Earlier in his career, he held leadership roles in Fundación Futuro Latinoamericano (Ecuador) and Fundación Cambio Democrático (Argentina), two civil society organisations devoted to promoting dialogue to address conflict and build public policy.

Patricio Zapata, Lonko (leader) of the Mapuche Millaqueo community

Patricio has been the Lonko of the Millaqueo Mapuche community since 2010. He is the former leader of the Indigenous Participation Council both at the national level and for the Central Area of Neuquén, Raquichi Quimunan. He represents his community before public and private institutions.

Luis Felipe Duchicela, Senior Advisor for Indigenous Peoples' Issues for USAID’s Center of Excellence on Democracy, Human Rights, and Governance, Bureau for Democracy, Conflict, and Humanitarian Assistance

In June 2019, Luis Felipe Duchicela joined USAID as the Senior Advisor for Indigenous Peoples' Issues in the Center of Excellence on Democracy, Human Rights, and Governance at USAID's Bureau for Democracy, Conflict, and Humanitarian Assistance. In this capacity, Luis Felipe advises USAID on matters relating to the rights, needs, and aspirations of Indigenous Peoples internationally and coordinates with interagency colleagues on such matters in meetings with foreign governments and multilateral institutions. Luis Felipe will support the implementation of USAID’s Policy on Promoting the Rights of Indigenous Peoples (Pro-IP). He will also assess and provide technical assistance to field missions in implementing best practices and effective approaches to supporting the self-determined development goals of Indigenous Peoples’ communities.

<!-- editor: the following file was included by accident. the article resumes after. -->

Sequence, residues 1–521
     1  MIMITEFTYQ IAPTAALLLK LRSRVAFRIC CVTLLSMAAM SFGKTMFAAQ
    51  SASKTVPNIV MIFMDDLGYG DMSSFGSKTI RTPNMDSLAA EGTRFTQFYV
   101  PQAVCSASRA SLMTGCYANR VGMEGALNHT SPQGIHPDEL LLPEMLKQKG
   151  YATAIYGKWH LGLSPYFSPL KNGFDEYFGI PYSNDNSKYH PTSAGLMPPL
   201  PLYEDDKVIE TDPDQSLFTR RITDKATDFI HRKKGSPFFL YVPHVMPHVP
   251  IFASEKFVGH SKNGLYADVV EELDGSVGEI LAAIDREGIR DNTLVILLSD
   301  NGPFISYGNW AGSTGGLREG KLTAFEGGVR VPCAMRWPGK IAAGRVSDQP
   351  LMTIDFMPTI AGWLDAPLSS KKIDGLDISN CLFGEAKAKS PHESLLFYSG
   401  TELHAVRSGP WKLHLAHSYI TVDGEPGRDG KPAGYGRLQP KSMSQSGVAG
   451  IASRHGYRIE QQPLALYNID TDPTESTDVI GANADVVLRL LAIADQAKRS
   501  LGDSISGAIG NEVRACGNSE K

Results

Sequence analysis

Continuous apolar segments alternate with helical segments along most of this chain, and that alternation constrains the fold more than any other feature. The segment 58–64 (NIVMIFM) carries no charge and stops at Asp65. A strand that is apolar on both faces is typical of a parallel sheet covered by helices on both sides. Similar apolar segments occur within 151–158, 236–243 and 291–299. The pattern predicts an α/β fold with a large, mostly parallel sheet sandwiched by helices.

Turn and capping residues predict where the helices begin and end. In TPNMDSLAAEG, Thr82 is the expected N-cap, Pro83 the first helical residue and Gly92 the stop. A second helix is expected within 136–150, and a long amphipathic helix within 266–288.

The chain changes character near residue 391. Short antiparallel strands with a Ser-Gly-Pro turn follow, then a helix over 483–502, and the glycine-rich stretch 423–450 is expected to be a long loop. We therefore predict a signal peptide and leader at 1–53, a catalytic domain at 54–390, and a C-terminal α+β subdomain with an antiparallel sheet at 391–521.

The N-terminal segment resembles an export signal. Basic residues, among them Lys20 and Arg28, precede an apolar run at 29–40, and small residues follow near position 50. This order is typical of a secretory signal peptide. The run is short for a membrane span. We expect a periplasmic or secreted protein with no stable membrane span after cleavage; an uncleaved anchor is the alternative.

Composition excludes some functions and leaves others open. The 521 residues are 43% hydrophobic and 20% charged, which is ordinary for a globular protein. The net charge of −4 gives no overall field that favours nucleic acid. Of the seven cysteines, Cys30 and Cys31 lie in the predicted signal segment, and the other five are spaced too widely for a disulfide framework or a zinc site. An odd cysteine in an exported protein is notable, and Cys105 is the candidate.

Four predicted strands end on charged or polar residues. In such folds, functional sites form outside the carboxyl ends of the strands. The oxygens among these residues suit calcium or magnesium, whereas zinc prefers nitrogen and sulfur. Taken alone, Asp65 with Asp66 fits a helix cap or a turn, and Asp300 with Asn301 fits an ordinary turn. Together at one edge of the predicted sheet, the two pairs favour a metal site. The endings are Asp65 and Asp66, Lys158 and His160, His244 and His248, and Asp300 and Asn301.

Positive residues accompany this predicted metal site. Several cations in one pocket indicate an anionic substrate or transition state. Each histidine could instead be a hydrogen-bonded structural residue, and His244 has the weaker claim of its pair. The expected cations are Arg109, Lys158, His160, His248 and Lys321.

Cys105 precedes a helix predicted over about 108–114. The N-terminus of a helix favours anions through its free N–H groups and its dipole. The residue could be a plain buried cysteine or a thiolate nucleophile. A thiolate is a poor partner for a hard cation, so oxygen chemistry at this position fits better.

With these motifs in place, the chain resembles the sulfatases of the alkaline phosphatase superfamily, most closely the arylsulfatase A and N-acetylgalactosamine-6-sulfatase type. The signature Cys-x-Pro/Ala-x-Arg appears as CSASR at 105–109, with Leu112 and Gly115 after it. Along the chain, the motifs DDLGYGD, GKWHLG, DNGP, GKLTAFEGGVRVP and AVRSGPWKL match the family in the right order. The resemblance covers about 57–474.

Luis Felipe joined USAID after serving as the Global Advisor on Indigenous Peoples at the World Bank for five and a half years (2013-2018) where he assisted World Bank regional and country offices in assessing the situation of Indigenous Peoples and preparing plans and programs that take into account Indigenous Peoples’ ancestral knowledge, cultural identity, legal rights and linkages to natural environments and resources. Luis Felipe led the global dialogue between the Bank and the Indigenous Peoples of the world as part of the reform process of the Bank’s Environmental and Social policies, which culminated in the new Environmental and Social Framework (ESF) and the new Standard for Indigenous Peoples (ESS7).

Prior to that, Luis Felipe served as the Executive Director of the Amazon Conservation Association, as Regional Director for the Rainforest Alliance and was the first National Secretary (Minister) of Indigenous Peoples and Ethnic Minority Affairs of the Republic of Ecuador. Luis Felipe holds a Master’s degree in Public and Private Management from Yale University and a Bachelor’s degree in Architecture and Regional Planning from the Universidad Central del Ecuador in Quito.

Kevin Doyle, Environmental and Social Governance International Consultant; Principal author of the Power Africa Guide to Community Engagement for Power Projects in Kenya